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The Royal Navy's T class (or Triton class) of diesel-electric submarines was designed in the 1930s to replace the O, P, and R classes. Fifty-three members of the class were built just before and during the Second World War, where they played a major role in the Royal Navy's submarine operations. Four boats in service with the Royal Netherlands Navy were known as the Zwaardvisch class.
In the decade following the war, the oldest surviving boats were scrapped and the remainder converted to anti-submarine vessels to counter the perceived growing Soviet submarine threat. The Royal Navy disposed of its last operational boat in 1969, although it retained one permanently moored as a static training submarine until 1974. The last surviving boat, serving in the Israel Sea Corps, was scrapped in 1977.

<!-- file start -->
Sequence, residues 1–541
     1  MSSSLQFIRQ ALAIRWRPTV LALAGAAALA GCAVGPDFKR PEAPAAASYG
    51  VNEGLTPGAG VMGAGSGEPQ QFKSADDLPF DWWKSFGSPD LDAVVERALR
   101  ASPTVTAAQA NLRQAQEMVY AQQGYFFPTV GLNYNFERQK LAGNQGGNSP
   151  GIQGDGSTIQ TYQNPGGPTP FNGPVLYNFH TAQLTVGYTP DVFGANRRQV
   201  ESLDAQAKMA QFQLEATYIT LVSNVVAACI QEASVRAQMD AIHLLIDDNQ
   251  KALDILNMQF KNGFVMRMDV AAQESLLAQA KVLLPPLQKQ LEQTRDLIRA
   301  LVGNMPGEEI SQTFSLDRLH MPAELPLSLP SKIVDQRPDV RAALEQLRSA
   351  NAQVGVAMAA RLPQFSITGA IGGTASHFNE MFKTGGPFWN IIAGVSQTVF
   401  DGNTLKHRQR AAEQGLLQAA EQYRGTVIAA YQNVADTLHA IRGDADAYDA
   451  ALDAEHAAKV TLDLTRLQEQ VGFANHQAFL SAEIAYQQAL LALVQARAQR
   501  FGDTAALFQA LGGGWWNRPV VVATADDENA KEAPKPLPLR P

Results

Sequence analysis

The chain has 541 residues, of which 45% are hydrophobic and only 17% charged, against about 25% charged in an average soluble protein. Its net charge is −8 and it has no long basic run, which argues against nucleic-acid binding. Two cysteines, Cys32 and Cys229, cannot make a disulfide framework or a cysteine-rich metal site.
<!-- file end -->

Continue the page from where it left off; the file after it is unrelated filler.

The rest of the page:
Design began in 1934 but was constrained by the 1930 London Naval Treaty restricting the total British submarine fleet to 52,700 tons, a maximum of 2,000 tons for any boat, and maximum armament of one 5.1 in (130 mm) gun. The "Repeat P"s, as the design was originally called, were intended to be large and powerful enough to operate against Japan in the absence of other British naval units. Britain was in a financial crisis and would have difficulty affording enough boats to meet their allowance.